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Monique Azzopardi Senior Associate

Monique is a specialist in commercial and government law, with a particular focus on procurement, technology projects and transactions, intellectual property and privacy.

Monique has broad commercial experience acting for government and private sector clients, particularly those in the technology, health, education and transport industries.

Monique provides specialist advice relating to technology projects and transactions, the procurement of goods, services and major works, intellectual property, data protection and the Australian Consumer Law. She is regularly called upon to negotiate and draft complex commercial agreements.

With strong public sector knowledge and experience, Monique advises government clients on statutory interpretation and compliance, administrative law, probity issues, government decision making and all aspects of tendering and procurement.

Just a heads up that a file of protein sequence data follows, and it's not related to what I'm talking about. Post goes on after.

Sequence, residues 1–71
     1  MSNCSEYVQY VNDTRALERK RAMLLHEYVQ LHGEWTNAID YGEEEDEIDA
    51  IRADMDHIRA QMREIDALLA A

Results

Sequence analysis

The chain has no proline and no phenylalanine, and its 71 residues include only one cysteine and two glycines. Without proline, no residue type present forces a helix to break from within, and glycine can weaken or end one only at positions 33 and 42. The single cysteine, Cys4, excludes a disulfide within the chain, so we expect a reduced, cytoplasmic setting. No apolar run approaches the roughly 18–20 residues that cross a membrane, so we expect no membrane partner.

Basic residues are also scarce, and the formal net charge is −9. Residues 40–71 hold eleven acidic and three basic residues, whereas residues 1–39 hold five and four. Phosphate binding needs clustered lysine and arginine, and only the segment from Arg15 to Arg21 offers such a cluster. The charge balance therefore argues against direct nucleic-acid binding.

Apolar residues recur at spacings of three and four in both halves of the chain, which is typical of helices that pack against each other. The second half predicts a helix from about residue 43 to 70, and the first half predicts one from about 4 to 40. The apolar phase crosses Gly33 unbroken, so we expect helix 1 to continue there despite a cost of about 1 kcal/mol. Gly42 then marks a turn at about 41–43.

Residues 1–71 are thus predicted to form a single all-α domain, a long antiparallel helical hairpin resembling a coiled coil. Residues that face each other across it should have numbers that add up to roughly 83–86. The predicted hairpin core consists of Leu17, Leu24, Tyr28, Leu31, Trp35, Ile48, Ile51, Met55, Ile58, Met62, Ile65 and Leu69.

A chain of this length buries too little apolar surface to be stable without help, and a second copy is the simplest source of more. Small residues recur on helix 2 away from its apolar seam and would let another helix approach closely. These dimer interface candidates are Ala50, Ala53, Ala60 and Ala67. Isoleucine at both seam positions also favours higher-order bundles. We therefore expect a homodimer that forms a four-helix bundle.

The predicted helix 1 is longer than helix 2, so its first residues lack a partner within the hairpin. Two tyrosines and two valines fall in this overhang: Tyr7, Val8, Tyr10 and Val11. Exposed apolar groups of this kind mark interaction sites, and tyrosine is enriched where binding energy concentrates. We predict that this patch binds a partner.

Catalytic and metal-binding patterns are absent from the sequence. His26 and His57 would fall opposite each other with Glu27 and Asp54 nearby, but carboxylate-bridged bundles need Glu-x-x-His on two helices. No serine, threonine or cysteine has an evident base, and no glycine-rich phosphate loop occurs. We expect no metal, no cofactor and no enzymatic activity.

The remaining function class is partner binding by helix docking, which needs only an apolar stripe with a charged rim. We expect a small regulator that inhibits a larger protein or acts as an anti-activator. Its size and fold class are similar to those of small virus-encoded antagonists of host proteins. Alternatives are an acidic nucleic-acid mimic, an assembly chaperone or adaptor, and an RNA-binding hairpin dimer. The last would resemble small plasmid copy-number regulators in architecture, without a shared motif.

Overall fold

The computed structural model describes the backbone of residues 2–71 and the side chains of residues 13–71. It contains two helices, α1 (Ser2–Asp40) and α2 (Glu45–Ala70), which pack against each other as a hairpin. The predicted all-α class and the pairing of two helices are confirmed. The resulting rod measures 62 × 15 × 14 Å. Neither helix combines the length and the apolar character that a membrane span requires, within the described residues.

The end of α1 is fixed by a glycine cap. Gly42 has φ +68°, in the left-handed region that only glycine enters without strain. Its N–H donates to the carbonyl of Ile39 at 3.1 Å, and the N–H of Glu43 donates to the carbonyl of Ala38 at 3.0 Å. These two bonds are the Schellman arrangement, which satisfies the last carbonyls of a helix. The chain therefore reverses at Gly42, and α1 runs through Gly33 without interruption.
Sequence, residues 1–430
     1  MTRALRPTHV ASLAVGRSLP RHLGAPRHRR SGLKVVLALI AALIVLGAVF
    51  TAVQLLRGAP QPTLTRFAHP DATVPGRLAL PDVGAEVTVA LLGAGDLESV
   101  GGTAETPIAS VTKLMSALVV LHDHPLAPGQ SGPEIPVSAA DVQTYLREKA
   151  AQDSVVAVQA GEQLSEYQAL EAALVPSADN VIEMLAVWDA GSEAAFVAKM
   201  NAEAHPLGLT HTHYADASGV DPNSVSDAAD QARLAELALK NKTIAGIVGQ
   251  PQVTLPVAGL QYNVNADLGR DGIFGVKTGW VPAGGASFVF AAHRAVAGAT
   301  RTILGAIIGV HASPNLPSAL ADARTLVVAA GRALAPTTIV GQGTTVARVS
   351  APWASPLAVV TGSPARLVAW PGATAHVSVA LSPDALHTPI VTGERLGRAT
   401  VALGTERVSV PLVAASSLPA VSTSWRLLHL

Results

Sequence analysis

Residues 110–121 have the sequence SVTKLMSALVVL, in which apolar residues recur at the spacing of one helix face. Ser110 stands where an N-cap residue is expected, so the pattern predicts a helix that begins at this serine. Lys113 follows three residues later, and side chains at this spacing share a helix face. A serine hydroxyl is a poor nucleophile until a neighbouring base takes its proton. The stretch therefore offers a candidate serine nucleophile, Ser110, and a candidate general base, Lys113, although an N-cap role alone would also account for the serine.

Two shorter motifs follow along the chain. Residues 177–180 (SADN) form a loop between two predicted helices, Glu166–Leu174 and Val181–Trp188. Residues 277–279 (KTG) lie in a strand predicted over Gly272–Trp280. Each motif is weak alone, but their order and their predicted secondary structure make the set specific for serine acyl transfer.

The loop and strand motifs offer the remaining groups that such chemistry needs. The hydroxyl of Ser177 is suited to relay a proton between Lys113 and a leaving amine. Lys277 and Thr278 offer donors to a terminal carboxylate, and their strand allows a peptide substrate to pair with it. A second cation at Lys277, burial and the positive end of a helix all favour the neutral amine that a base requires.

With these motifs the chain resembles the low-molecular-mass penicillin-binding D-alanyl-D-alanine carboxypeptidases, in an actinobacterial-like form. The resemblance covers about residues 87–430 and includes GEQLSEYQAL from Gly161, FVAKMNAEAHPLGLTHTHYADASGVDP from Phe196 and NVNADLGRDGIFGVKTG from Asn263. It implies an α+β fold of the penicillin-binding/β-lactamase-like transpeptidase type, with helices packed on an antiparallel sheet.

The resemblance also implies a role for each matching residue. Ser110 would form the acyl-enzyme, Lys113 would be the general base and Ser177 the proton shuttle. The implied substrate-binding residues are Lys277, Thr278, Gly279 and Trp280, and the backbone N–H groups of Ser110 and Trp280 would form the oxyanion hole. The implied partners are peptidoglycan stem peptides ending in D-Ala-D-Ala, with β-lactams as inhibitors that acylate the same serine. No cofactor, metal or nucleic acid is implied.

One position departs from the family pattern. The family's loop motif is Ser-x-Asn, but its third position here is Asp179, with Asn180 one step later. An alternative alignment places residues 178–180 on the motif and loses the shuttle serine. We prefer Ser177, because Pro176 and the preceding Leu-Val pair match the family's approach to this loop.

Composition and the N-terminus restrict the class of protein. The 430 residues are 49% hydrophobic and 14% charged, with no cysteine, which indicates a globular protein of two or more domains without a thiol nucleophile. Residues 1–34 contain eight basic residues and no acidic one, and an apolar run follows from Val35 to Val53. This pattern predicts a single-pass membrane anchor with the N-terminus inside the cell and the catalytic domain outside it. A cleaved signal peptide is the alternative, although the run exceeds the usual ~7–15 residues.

Monique has gained significant in-house experience by undertaking secondments for different entities, including as Relieving Principal Legal Officer at the Department of Education and more recently as Acting Legal Counsel Commercial, Projects and Safety at Transport for NSW.

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Mirella Fisicaro Senior Associate

Mirella is a litigator who specialises in insurance claims, primarily for government sector clients. She is a specialist in coronial law, inquests and inquiries and manages a large coronial practice comprising of complex and public matters.

Mirella helps our government sector clients with insurance claims. Clients such as NSW Health and Roads and Maritime Service call on her for her medical negligence and public liability expertise.

Mirella is a specialist in coronial law and inquires, and manages a large coronial practice comprising of complex and public matters. She regularly appears before the State Coroner and Deputy State Coroners at inquests, call-overs and liaises with Advocates Assisting and the Crown Solicitors Office.

Mirella is also involved on general insurance matters for commercial clients, including public and professional liability claims, property damage and recoveries.